After that a lung busting 600m up to the paintbrush divide where I caught my last view of the Tetons from the west side
I am camping tonight at the lovely Holly Lake a little way down the paintbrush canyon. I arrived early but can’t really go further as I don’t have a permit for the campsites further on. Am cooking up Mac and cheese for dinner! Hopefully will get some more sleep tonight. I also have company tonight, Eric from California just showed up to pitch next door, so hopefully if we have nocturnal bear visitors that will head for his tent
From Alaska Basin to Holly Lake via the Hurricane Pass and the Paintbrush Divide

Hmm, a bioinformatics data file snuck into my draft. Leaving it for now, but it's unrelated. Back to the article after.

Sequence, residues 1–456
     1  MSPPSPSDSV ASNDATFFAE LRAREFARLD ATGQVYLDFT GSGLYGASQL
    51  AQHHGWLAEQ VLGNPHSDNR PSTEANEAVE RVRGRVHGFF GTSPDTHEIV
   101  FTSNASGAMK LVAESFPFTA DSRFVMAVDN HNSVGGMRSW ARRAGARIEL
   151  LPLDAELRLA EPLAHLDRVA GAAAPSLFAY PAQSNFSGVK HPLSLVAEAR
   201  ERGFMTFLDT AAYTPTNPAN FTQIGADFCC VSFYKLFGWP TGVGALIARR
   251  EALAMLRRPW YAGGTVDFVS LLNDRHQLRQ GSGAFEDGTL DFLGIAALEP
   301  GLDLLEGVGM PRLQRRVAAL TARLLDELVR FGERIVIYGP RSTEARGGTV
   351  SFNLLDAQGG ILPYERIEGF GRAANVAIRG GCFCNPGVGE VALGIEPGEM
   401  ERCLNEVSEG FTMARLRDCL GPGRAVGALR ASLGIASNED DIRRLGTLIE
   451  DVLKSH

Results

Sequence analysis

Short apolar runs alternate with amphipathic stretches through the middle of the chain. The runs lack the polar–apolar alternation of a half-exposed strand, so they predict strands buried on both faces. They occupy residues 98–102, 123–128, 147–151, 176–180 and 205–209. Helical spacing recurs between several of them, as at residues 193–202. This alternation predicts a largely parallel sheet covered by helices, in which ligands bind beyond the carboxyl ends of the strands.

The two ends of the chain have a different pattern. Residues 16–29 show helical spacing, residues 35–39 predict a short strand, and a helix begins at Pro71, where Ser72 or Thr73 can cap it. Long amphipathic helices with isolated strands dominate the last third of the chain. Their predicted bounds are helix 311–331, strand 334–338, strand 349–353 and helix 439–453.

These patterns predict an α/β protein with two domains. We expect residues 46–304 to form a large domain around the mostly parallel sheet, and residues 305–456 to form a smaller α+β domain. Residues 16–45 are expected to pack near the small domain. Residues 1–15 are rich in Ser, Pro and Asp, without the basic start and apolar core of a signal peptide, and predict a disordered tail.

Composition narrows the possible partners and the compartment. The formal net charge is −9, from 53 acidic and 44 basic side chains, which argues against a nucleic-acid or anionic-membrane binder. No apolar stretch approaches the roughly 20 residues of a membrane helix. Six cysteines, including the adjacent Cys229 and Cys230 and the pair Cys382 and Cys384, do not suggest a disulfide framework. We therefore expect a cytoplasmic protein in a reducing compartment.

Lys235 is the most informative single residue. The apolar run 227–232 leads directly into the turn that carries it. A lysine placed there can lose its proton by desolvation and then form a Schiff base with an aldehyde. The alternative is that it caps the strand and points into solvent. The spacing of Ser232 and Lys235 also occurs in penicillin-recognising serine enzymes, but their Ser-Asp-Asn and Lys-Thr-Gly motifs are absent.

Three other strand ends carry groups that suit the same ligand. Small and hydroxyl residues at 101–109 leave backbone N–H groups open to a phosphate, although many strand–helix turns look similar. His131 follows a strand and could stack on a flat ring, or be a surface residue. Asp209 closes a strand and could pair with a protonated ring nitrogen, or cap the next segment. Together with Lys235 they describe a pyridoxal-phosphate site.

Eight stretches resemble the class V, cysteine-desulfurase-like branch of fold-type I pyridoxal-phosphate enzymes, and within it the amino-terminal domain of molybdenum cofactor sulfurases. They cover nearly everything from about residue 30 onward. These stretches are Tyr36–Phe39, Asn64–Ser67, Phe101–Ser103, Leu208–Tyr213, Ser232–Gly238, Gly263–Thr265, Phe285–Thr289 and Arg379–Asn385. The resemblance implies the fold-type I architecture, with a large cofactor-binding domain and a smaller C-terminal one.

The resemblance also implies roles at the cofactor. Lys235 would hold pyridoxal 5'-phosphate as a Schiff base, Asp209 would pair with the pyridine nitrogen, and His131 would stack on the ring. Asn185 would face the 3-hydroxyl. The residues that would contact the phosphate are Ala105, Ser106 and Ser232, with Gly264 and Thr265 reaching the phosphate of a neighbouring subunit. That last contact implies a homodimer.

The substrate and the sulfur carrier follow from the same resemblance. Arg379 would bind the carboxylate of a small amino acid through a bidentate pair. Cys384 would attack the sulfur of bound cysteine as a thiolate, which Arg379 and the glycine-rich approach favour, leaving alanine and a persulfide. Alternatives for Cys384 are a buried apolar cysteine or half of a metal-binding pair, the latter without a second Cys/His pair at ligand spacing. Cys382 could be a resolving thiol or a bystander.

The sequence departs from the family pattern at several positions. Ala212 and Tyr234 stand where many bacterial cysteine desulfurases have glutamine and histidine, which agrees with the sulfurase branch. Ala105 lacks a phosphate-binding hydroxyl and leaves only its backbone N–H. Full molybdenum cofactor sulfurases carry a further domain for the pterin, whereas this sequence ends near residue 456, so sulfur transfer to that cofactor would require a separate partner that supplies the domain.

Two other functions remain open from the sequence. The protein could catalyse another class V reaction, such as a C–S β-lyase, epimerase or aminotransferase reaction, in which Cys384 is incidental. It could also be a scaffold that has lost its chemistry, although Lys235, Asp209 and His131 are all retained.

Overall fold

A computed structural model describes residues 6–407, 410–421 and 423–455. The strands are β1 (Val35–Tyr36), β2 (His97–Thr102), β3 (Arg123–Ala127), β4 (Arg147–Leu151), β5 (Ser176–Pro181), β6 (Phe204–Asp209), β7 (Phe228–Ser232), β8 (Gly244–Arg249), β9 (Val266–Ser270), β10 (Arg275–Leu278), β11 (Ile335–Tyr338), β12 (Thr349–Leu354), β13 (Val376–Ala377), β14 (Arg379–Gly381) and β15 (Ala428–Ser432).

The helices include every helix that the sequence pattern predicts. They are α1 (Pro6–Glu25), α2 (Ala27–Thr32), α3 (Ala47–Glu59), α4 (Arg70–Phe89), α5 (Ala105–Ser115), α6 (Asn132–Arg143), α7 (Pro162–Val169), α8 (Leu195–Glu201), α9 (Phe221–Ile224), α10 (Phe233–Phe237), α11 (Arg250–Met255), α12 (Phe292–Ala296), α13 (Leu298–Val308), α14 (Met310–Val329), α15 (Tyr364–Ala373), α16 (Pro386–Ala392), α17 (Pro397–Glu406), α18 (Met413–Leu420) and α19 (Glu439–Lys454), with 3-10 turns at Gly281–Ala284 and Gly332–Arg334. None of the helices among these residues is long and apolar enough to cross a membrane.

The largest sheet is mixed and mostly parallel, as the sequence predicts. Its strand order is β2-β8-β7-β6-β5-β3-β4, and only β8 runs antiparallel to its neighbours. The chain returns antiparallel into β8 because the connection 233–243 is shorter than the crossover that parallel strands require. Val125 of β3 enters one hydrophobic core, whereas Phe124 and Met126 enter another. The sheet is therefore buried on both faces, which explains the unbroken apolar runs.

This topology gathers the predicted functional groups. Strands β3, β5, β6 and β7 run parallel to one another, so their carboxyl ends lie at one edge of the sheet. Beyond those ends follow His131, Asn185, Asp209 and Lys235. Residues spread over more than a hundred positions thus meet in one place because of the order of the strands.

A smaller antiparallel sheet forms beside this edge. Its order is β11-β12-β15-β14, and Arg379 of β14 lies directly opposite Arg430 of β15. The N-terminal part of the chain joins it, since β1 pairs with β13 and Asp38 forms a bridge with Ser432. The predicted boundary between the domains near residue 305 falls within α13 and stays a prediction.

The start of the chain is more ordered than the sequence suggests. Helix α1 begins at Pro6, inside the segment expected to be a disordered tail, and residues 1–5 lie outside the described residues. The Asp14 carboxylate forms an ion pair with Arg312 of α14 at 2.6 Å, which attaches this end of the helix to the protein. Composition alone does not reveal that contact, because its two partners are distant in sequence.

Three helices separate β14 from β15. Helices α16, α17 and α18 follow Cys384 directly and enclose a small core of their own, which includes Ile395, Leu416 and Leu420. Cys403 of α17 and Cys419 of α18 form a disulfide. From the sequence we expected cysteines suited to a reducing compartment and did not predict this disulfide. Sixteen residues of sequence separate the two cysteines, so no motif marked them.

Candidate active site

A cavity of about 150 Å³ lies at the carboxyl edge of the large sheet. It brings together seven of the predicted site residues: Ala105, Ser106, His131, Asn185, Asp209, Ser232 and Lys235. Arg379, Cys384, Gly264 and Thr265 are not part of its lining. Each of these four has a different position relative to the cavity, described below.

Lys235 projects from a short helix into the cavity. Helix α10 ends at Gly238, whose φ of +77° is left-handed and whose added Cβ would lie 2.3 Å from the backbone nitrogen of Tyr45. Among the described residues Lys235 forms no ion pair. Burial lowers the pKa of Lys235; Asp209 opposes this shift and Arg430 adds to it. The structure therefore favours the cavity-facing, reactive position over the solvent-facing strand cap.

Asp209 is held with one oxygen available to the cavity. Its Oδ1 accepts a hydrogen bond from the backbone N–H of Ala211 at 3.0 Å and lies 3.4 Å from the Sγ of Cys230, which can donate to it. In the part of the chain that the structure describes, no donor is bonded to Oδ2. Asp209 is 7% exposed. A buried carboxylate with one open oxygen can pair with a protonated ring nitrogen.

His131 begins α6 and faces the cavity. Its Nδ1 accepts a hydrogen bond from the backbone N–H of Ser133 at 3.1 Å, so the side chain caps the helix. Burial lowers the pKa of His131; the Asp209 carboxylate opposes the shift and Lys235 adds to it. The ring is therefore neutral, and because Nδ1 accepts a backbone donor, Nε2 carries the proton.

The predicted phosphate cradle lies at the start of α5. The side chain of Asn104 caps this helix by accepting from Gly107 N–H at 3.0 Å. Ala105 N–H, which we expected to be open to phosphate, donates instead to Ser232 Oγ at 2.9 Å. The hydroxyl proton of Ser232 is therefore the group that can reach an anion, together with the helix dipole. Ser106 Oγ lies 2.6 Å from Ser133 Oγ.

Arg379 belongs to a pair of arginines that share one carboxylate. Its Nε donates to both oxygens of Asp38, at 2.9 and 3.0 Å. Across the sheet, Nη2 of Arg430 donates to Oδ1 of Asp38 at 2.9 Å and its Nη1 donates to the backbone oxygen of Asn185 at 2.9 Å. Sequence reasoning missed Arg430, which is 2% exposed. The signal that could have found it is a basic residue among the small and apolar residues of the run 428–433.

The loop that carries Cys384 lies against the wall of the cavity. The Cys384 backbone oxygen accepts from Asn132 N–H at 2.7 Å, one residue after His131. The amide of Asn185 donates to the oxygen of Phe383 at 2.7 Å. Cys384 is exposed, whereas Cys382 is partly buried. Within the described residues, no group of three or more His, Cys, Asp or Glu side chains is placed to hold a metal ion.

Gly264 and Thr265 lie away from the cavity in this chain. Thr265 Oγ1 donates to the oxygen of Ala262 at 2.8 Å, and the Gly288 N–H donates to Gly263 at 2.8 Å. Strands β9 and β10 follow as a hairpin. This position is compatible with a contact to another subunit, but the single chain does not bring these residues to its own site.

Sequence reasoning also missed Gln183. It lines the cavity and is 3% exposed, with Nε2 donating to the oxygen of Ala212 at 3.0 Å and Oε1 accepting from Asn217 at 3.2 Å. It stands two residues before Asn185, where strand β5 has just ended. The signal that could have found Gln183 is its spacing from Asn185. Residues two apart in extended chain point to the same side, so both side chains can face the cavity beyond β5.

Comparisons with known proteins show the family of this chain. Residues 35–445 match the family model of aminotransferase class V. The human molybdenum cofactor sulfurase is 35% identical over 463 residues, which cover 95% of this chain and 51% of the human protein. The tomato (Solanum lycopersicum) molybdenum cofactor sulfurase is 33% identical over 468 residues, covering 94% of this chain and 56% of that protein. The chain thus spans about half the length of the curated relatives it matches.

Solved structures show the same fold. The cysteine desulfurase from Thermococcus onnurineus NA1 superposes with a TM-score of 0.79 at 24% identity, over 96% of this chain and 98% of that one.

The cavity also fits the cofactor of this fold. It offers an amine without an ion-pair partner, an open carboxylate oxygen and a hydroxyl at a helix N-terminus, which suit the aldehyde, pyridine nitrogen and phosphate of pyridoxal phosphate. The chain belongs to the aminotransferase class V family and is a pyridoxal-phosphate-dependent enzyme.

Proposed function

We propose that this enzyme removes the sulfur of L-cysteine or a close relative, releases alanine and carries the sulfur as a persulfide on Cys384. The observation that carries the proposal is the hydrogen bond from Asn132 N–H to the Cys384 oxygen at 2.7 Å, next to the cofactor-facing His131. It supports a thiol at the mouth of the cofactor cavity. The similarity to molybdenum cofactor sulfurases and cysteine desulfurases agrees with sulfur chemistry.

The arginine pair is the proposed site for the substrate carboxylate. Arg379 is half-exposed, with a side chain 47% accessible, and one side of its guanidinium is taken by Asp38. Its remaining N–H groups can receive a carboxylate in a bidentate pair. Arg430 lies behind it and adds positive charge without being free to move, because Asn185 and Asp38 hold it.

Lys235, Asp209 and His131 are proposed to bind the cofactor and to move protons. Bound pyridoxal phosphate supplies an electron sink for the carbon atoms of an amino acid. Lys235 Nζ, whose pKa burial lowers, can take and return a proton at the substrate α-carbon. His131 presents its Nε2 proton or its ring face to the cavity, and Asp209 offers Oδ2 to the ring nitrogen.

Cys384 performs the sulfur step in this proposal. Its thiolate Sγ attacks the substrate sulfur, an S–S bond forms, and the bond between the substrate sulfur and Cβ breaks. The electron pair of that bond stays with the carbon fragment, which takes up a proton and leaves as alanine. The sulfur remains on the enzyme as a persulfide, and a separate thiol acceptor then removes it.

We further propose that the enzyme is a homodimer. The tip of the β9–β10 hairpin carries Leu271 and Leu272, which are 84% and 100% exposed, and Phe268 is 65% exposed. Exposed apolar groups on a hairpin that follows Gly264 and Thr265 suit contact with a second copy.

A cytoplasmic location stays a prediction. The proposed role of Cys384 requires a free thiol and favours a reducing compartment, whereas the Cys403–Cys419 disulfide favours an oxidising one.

With hubby safely returned to his natural urban habitat after our Utah adventures, I headed up through the beautiful wide open spaces of Idaho (resisting the temptation to visit the potato museum) to the Teton National Park (named by early French settlers as the mountains look like boobs – trois Tetons = three boobs).
The plan was to spend four nights in the backcountry but I was a little bit worried by the recent snowfall, the forecast of subzero temperatures (minus 10), and of course the Bears!!! This was my first foray into bear country
The ranger reckoned I would be OK and gave me bear canister for my food (very much like the expression ‘don’t shit where you sleep’, in bear country you don’t eat where you sleep).
I went for a run that afternoon and broke all the rules on this sign! But I did manage to get some bear spray before I hit the trail for real!